LaFerrari Aperta on display at the Design Museum

Susan Lambert, (Head of MoDiP)

Monday, 19 February 2018

BXL photographic archive #0143

In 2010, MoDiP was donated a large archive of images relating to a single company. Bakelite Xylonite Ltd, also known as British Xylonite Ltd or BXL, was possibly one of the first British firms to successfully manufacture a plastics material in commercial quantities. The company was established in 1875 and after a long history went into liquidation in the late 2000s. The images we have in the collection are concentrated around the 1960s through to the 1980s and show us glimpses of the manufacturing process, products and the company’s employees during this time. We plan to share an image each week to give a flavour of the archive. If you want to see more you can view the whole collection on our website.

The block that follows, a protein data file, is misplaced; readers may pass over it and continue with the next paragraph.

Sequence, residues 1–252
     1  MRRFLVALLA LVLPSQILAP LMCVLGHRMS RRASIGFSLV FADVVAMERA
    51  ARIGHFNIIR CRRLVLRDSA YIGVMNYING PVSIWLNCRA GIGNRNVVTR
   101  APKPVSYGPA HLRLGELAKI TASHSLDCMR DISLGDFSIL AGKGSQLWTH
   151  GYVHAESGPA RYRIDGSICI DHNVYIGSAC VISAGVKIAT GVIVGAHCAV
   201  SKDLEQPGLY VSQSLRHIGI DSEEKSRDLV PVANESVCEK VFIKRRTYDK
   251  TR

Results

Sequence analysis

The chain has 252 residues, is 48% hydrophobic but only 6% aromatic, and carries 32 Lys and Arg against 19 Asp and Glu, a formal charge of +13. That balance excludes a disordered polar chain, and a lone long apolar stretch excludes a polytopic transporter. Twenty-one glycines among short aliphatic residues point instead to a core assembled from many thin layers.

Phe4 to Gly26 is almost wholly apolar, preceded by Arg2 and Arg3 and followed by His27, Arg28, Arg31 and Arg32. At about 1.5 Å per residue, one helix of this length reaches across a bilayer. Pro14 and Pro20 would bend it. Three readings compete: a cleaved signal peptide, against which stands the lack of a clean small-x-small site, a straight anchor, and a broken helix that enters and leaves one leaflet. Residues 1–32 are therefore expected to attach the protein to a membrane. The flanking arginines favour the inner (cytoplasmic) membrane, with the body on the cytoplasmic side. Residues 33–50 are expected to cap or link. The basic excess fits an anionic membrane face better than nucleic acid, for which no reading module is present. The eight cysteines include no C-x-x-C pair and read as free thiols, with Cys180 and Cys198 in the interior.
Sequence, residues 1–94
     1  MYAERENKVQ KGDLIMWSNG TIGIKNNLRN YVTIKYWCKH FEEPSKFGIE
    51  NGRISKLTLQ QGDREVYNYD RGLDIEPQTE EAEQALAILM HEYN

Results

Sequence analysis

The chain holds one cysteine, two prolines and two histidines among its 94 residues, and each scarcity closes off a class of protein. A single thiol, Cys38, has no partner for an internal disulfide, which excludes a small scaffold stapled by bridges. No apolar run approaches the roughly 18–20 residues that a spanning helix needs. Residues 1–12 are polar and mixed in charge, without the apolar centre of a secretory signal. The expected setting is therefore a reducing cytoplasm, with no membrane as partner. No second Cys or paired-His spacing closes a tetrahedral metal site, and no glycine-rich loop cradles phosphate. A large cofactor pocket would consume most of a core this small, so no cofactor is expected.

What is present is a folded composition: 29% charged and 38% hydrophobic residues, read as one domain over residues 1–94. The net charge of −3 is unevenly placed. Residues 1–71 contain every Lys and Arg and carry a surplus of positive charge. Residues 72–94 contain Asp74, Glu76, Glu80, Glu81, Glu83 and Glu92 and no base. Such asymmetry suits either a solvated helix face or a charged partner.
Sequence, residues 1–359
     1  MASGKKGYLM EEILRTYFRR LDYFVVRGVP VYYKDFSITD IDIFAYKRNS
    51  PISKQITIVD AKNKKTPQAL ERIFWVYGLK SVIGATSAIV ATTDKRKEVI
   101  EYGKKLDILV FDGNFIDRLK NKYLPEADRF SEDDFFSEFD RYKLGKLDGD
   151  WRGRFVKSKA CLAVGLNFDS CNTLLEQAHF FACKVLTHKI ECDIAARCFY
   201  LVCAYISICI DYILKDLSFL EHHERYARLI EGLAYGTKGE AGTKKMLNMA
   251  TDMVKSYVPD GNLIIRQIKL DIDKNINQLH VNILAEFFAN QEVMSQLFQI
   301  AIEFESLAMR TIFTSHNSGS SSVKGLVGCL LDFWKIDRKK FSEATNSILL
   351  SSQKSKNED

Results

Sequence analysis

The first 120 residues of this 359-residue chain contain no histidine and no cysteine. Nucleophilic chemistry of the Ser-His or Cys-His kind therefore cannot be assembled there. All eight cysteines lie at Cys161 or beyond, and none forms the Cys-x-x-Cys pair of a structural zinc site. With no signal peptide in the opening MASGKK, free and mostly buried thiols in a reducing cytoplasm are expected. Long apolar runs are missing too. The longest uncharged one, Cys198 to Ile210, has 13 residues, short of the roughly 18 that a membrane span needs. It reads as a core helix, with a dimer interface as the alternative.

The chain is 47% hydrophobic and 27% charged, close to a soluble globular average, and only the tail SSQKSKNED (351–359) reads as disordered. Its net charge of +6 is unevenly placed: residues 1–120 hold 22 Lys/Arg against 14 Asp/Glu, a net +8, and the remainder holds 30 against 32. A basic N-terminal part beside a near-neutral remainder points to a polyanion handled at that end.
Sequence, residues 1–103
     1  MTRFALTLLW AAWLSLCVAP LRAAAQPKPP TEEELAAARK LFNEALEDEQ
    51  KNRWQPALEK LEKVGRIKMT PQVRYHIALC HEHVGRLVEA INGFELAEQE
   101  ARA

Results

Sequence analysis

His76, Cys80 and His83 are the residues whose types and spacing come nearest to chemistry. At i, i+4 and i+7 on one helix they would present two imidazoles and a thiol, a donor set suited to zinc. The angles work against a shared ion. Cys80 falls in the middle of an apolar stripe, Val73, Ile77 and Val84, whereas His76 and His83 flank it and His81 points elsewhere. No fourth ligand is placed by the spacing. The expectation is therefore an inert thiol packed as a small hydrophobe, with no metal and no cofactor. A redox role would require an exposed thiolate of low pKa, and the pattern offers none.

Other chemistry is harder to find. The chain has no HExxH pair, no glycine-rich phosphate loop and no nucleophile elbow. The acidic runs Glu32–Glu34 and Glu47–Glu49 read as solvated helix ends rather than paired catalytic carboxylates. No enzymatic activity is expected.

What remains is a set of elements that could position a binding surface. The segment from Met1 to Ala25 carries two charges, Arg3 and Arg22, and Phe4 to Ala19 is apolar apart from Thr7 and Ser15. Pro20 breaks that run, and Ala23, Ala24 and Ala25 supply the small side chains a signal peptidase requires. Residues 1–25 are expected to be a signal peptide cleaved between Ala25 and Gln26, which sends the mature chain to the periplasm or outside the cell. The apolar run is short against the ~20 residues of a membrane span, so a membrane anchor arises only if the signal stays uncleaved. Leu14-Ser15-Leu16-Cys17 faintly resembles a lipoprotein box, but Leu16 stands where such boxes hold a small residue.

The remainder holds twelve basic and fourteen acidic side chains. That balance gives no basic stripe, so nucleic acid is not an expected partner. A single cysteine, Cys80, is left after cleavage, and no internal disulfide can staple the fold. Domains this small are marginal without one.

This week’s image shows an accelorator being mixed.

To get a better view of the image and find out more have a look at it on our website http://www.modip.ac.uk/artefact/bxl--0549

We are still working on the documentation of the archive, some of the images we know more about than others. It would be fantastic if we could fill in some of the gaps in our knowledge, if you know anything about the company or specific images it would be good to hear from you.
Louise Dennis (Assistant Curator)

Friday, 16 February 2018

Horners collection

The Museum of Design in Plastics houses two collections alongside our own.  One of these collections is that of the Worshipful Company of Horners.   

Here I will highlight just one of the objects in the collection.


Decorative carved horn

Louise Dennis (Assistant Curator)

Monday, 12 February 2018